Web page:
• Interpretation of the mean intensity: The label masks seem generally wider than the nuclear envelope, thus an interpreation of the mean intensity as the local NUP density on the membrane is problematic. However, if the width of the label masks is kept constant across the experiment the mean intensity could indeed be a number that is proportional to the NUP density.
  • Interpretation of the sum intensity: The sum intensity is very much affected by the size of the measured region. It could be that in this image the nuclei were optically sectioned at different z-positions, cutting a more or less big region out of the nucleus. The sum intensity seem thus not very useful here.
  • ImageJ GUI workflow
    • Required update sites
      • IJPB-Plugins (MorpholibJ)
    • open(“https://github.com/NEUBIAS/training-resources/raw/master/image_data/xy_8bit__nup.tif”);
    • [ Image > Rename ] “intensity”
    • open(“httpR://github.com/NEUBIAS/training-resources/raw/master/image_data/xy_8bit_binary__nup.tif”);
    • [ Plugins › MorphoLibJ › Binary Images › Connected Components Labeling ]
      • connectivity = 4
      • type = [8 bits]
    • [ Image > Rename ] “labels”
    • [ Plugins > MorpholibJ > Analyze > Intensity Measurements 2D/3D ]
      • input = intensity
      • labels = labels
      • mean
      • numberofvoxels
    • Measure background intensity by drawing an ROI and [ Analyze > Measure ]
    • Measure the corrected mean and sum intensity using the formulas given in the main text of this module
  • Display the label image on top of the intensity image using an Overlay ([Image > Overlay > Add Image…]).
  • Based on this overlay, do you think the quantification of the signal of one of the nuclei may be problematic?


  • The label mask for label 3 also includes regions that are probably not part of the nuclear membrane and all intensity measurements may be affected by this.


Fill in the blanks (discuss with your neighbour)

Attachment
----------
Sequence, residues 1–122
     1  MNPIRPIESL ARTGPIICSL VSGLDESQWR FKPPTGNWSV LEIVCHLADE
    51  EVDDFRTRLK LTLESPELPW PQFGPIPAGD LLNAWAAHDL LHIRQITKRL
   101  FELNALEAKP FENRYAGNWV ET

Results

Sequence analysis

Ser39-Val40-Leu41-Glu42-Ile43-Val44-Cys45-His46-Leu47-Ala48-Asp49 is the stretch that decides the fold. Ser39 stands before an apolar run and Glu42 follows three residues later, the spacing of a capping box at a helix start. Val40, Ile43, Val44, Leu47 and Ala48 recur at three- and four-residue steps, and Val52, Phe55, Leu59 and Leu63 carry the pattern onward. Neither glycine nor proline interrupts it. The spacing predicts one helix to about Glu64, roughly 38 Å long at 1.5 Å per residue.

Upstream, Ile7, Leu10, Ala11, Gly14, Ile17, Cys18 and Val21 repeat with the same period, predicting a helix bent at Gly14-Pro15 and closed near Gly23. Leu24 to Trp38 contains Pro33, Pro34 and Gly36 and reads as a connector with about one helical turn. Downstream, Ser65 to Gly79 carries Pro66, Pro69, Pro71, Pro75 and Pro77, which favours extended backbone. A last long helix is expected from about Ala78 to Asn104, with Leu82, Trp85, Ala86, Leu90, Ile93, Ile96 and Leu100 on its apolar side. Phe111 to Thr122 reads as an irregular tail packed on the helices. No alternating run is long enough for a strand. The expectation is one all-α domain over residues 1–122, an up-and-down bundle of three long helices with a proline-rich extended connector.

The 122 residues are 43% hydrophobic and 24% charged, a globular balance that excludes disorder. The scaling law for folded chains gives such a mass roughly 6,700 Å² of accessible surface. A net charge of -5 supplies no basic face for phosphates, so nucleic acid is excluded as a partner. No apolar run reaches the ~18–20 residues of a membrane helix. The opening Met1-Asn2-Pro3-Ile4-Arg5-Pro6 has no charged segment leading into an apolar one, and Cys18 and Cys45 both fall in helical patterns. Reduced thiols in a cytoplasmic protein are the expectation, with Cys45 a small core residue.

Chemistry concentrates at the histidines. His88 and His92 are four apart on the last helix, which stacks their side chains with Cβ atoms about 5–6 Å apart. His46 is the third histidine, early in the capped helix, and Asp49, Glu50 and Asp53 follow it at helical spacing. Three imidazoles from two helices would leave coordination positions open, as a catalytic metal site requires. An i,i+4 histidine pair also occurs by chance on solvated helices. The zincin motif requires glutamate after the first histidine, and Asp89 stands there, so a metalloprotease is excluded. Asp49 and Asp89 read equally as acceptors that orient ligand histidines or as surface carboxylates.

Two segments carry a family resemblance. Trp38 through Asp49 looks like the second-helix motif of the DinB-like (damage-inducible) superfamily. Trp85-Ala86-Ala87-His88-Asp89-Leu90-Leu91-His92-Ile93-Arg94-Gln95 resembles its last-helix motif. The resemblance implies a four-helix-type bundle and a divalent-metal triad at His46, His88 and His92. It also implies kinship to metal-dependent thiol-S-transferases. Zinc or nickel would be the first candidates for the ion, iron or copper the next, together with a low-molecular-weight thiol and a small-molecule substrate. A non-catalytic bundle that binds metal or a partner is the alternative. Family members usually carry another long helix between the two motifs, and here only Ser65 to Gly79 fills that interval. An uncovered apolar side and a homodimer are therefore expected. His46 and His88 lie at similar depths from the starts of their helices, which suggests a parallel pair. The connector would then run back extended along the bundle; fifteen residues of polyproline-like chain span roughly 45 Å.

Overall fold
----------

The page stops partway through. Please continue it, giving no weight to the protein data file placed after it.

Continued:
Fill in the blanks, using these words: number of pixels, integrated, mean, decrease, increase, increase, sum, decrease

  1. Average intensity is just another word for ____ intensity.
  2. Sum intensity is sometimes also called ____ intensity.
  3. The ____ intensity is equal to the mean intensity times the ____ in the measured region.
  4. In an unsigned integer image, increasing the size of the measurement region can only _____ the sum intensity.
  5. In an unsigned integer image, decreasing the size of the measurement region can ____ or ____ the mean intensity.
  6. In a floating point image, increasing the size of the measurement region could ____ the sum intensity.


  1. mean
  2. integrated
  3. sum, number of pixels
  4. increase
  5. decrease, increase
  6. decrease, increase



  • median
  • mean = average
  • sum = total = integrated
  • bg = background


mean_corr = mean - bg
sum_corr = mean_corr * num_pixels = ( mean - bg ) * num_pixels = sum - ( bg * num_pixels )

Biophysical interpretation

  • mean often resembles the concentration of a protein
  • sum often represents the total expression level of a protein
  • For the correct biophysical interpretation you need to know the PSF of your microscope.
    • More specifically, you need to know how the 3D extend of the PSF relates to 3D extend of your biological structures of interest. Essentially, you need to exactly know where your microscope system is measuring the intensities.
    • It is thus critical whether you used a confocal or a widefield microscope, because widefield microscope have an unbounded PSF along the z-axis.

Key points

  • Intensity measurements are generally very tricky and most likely the source of many scientific mistakes.
    • Please consider consulting a bioimage analysis expert.
  • Intensity measurements need a background correction.
    • Finding the correct background value can be very difficult and sometimes even impossible and, maybe, the project just cannot be done like this!
  • At least, think carefully about whether the mean or sum intensity is the right readout for your biological question.
  • If you publish or present something, label your measurement properly, e.g. “Sum Intensity” (just “Intensity” is not enough)!

Follow-up material

Recommended follow-up modules:

Learn more: